Updated DYK query.svg On 13 November 2016, Did you know was updated with a fact from the article Church of St Mark, Old Leeds Road, which you recently created, substantially expanded, or brought to good article status. The fact was ... that "eloquent" Holbrook, "popular" Humble, ex-Congregationalist Miller, and Pilling who feared "plottings", were all vicars of St Mark's, Huddersfield, England? The nomination discussion and review may be seen at Template:Did you know nominations/Church of St Mark, Old Leeds Road. You are welcome to check how many page hits the article got while on the front page (here's how, Church of St Mark, Old Leeds Road), and it may be added to the statistics page if the total is over 5,000. Finally, if you know of an interesting fact from another recently created article, then please feel free to suggest it on the Did you know talk page.

Cas Liber (talk · contribs) 00:02, 13 November 2016 (UTC)

DYK for Percy Holbrook[edit]

Updated DYK query.svg On 13 November 2016, Did you know was updated with a fact from the article Percy Holbrook, which you recently created, substantially expanded, or brought to good article status. The fact was ... that "eloquent" Holbrook, "popular" Humble, ex-Congregationalist Miller, and Pilling who feared "plottings", were all vicars of St Mark's, Huddersfield, England? You are welcome to check how many page hits the article got while on the front page (here's how, Percy Holbrook), and it may be added to the statistics page if the total is over 5,000. Finally, if you know of an interesting fact from another recently created article, then please feel free to suggest it on the Did you know talk page.

Cas Liber (talk · contribs) 00:02, 13 November 2016 (UTC)

DYK for Robert Alfred Humble[edit]

Updated DYK query.svg On 13 November 2016, Did you know was updated with a fact from the article Robert Alfred Humble, which you recently created, substantially expanded, or brought to good article status. The fact was ... that "eloquent" Holbrook, "popular" Humble, ex-Congregationalist Miller, and Pilling who feared "plottings", were all vicars of St Mark's, Huddersfield, England? You are welcome to check how many page hits the article got while on the front page (here's how, Robert Alfred Humble), and it may be added to the statistics page if the total is over 5,000. Finally, if you know of an interesting fact from another recently created article, then please feel free to suggest it on the Did you know talk page.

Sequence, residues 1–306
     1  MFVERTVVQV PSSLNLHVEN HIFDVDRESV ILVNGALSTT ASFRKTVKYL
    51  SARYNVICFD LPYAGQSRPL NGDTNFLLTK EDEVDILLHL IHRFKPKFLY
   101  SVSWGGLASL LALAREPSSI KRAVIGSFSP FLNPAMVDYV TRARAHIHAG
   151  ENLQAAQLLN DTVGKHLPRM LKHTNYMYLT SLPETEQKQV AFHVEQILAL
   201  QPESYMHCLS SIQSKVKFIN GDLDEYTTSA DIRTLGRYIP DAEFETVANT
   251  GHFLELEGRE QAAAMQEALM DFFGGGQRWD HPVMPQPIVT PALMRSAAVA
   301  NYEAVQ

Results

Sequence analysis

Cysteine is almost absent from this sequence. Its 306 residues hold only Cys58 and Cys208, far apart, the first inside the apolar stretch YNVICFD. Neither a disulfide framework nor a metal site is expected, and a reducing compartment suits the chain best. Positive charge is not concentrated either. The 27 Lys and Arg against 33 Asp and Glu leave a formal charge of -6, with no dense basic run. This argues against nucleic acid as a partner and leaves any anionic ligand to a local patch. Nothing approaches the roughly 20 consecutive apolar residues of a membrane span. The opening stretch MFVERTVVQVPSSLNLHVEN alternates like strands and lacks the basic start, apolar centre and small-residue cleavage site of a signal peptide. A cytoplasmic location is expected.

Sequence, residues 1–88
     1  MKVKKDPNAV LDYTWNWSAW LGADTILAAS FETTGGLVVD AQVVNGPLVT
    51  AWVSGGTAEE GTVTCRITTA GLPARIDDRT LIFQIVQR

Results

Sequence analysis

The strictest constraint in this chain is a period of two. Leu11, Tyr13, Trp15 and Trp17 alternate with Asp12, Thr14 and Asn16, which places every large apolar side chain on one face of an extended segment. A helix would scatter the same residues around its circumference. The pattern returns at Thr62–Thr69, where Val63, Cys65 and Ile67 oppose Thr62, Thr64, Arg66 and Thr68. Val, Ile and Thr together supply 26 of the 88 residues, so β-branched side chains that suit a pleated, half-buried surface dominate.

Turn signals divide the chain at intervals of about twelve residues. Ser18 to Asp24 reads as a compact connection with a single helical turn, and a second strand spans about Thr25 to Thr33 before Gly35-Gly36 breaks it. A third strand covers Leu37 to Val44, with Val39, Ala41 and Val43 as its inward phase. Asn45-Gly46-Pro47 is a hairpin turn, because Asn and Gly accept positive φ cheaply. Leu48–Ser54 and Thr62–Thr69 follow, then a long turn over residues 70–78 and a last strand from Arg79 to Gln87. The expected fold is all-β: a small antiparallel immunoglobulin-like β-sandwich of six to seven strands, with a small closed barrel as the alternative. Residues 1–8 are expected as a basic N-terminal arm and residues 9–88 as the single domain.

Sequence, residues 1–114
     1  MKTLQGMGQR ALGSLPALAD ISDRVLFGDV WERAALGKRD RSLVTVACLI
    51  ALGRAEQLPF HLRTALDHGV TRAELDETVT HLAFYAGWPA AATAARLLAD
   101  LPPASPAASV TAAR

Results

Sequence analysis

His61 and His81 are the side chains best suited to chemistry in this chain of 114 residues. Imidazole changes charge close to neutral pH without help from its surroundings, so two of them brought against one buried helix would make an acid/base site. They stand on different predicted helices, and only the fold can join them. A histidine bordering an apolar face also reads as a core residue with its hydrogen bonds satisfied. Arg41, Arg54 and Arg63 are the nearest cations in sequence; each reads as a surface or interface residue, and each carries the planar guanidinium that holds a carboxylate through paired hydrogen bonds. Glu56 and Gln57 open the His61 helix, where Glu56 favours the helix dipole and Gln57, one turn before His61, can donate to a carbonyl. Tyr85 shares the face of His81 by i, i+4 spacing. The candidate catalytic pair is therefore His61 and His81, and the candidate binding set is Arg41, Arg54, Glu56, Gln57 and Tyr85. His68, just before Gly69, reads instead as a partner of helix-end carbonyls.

Cas Liber (talk · contribs) 00:02, 13 November 2016 (UTC)

DYK for Joseph Miller (priest)[edit]

Updated DYK query.svg On 13 November 2016, Did you know was updated with a fact from the article Joseph Miller (priest), which you recently created, substantially expanded, or brought to good article status. The fact was ... that "eloquent" Holbrook, "popular" Humble, ex-Congregationalist Miller, and Pilling who feared "plottings", were all vicars of St Mark's, Huddersfield, England? You are welcome to check how many page hits the article got while on the front page (here's how, Joseph Miller (priest)), and it may be added to the statistics page if the total is over 5,000. Finally, if you know of an interesting fact from another recently created article, then please feel free to suggest it on the Did you know talk page.

Cas Liber (talk · contribs) 00:03, 13 November 2016 (UTC)

DYK for Jonas Pilling[edit]

Updated DYK query.svg On 13 November 2016, Did you know was updated with a fact from the article Jonas Pilling, which you recently created, substantially expanded, or brought to good article status. The fact was ... that "eloquent" Holbrook, "popular" Humble, ex-Congregationalist Miller, and Pilling who feared "plottings", were all vicars of St Mark's, Huddersfield, England? You are welcome to check how many page hits the article got while on the front page (here's how, Jonas Pilling), and it may be added to the statistics page if the total is over 5,000. Finally, if you know of an interesting fact from another recently created article, then please feel free to suggest it on the Did you know talk page.

Cas Liber (talk · contribs) 00:03, 13 November 2016 (UTC)

Speedy deletion nomination of File:Aleksandrov BA.jpg[edit]

A tag has been placed on File:Aleksandrov BA.jpg requesting that it be speedily deleted from Wikipedia. This has been done under section F3 of the criteria for speedy deletion, because it is an image licensed as "for non-commercial use only," "non-derivative use" or "used with permission," it has not been shown to comply with the limited standards for the use of non-free content. [1], and it was either uploaded on or after 19 May 2005, or is not used in any articles. If you agree with the deletion, there is no need to do anything. If, however, you believe that this image may be retained on Wikipedia under one of the permitted conditions then: